Midtown Raleigh News

Raleigh’s Quail Ridge bookstore has new owner

The new owner of Quail Ridge Books & Music says she wants to preserve the qualities that have made it one of the region’s most successful and beloved independent bookstores.

Lisa Robie Poole will acquire the store, the store’s founder Nancy Olson announced Friday. The sales price was not disclosed.

Poole is a member of a prominent Raleigh family and wife of Waste Industries CEO Lonnie C. “Ven” Poole III. Ven Poole is son of Lonnie C. Poole Jr., founder and former CEO of Waste Industries and a large benefactor of N.C. State University.

Olson introduced Poole to a group of customers and authors gathered at the store Friday afternoon. Poole said she has no plans to change the store and will keep the current employees.

“I think that the Olsons have created something wonderful here, iconic,” she said. “It’s very well-known locally and nationally, and I can’t imagine coming in here and trying to do something different with that.”

Olson founded the store in 1984 on Falls of Neuse Road, and later moved it to Wade Avenue, where it occupies a 9,400-square-foot space. It stocks 70,000 titles and sold $3 million in books and other items in 2011. The store is especially well-known for readings and book signings by famous authors such as Al Gore, Dan Quayle, Jimmy Carter and David Sedaris.

Olson said she is very happy about choosing Poole.

“She understands the mission that we have here,” Olson said. “The basic mission is to get our children to read.”

Olson said Poole was one of three parties who wanted to buy the store. The two hadn’t met before, and what set Poole apart in the end was her personality and their instant rapport.

“Look at the smile,” Olson said. “I liked her personally. I liked her demeanor, just down-to-earth. She didn’t try to be a smart aleck or prove that she knew everything or whatever. I just knew we would get along real well.”

Poole has never run a bookstore before, and Olson is staying on for the first three months as an advisor to teach Poole the business and will remain available to advise Poole indefinitely. The sale will officially take place on July 31, and Poole will begin working mid-August.

“I’m going to get to know this bookstore top to bottom and all the folks that run it with the help of Nancy,” Poole said.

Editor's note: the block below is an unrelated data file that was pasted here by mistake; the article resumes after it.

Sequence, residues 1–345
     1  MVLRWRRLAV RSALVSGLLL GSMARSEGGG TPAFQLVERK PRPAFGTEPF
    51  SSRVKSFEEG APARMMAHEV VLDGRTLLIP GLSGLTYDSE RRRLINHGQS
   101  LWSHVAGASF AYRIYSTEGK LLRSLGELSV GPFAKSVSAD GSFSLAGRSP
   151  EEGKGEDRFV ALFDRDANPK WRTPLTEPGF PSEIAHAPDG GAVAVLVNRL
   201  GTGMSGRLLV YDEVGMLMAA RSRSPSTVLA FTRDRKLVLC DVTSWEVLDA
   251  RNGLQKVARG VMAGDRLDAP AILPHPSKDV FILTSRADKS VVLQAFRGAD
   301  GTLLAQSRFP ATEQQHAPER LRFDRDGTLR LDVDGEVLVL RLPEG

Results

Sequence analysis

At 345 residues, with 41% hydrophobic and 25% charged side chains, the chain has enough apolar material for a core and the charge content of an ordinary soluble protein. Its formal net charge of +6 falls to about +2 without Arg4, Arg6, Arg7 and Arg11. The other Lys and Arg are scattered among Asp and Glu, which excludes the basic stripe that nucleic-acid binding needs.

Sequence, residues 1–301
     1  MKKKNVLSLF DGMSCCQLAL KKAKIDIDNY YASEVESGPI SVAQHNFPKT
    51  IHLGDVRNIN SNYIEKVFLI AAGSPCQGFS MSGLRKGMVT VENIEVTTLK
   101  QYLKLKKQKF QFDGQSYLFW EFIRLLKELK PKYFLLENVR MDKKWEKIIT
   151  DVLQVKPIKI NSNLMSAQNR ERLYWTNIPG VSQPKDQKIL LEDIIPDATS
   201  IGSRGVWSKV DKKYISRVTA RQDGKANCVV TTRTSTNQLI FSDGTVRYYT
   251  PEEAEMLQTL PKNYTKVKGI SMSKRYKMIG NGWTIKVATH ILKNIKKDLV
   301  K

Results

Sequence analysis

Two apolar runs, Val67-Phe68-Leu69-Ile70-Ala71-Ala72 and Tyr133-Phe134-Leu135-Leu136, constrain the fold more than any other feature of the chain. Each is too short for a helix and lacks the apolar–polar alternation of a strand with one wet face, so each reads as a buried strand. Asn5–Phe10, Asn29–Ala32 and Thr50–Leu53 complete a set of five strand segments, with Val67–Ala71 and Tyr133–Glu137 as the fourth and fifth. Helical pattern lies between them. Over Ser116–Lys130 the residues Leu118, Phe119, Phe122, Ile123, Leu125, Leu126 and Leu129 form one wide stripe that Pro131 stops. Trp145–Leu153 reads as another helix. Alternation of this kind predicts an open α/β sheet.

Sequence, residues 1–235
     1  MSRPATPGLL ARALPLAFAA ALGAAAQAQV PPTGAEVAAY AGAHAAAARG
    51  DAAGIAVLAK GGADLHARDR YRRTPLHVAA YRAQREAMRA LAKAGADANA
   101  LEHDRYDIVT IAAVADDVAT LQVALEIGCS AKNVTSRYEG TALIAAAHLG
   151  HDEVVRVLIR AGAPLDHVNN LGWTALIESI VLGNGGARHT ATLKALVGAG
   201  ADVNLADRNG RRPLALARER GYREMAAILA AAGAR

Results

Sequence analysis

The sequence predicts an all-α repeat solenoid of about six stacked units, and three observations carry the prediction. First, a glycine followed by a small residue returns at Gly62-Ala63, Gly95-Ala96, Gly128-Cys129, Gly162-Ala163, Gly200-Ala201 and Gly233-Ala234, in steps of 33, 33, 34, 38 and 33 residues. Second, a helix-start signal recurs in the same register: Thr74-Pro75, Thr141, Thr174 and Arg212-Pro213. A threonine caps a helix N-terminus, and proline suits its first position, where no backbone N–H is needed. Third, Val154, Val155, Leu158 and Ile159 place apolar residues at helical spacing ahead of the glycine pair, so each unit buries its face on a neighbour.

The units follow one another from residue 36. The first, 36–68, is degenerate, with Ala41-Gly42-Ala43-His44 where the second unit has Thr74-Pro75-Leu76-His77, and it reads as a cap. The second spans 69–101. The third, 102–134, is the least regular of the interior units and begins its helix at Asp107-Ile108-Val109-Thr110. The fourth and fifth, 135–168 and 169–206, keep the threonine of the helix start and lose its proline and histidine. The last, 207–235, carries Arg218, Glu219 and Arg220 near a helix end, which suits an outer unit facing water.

Olson thanked her customers and employees for taking the leap of faith of new ownership, and Poole thanked the Olsons and those gathered for the opportunity.

“I’ll work really hard,” Poole said. “I’m a good people person, so I hope that I’ll be the friendly face when you walk in the door.”

Olson, who is 72, decided to sell the store last November so that she can retire.

“I’m going to read like the devil,” she said. “I will have so much more time to read, and I’m happy about that.”

For Poole, the purchase is a dream-come-true.

“I’ve always wanted to have a bookstore,” she said. “It’s been sort of a fantasy of mine for a while.”

Her husband, Ven Poole, said she has been talking about owning a bookstore since they moved back to Raleigh in 1990.

“I read about the potential sale in the paper and went straight home and sat down and plopped the paper down on the table and said, ‘There’s your bookstore,’” he said.

Author and N.C. State professor Elaine Orr has launched multiple books at the store. After watching Olson introduce the new owner, Orr said Poole is a wonderful choice.

“Nancy is such a keen person and such a keen business woman, I know it’s going to be good,” Orr said.

The store has a special place in the community, especially because of its focus on service, said customer Tony Delmedico of Raleigh.

Delmedico said he always comes to the bookstore at Christmas to get book recommendations for his daughters. He simply tells the employees his daughters’ ages and interests and employees point him to books they will like.

“So I’ve become a hero at home for my book selections over the years,” he said.

Just before the announcement, Delmedico was reading a book in one of the cushioned chairs at the store. He said he liked to come there to read for three reasons: “The smell. The space. The variety.”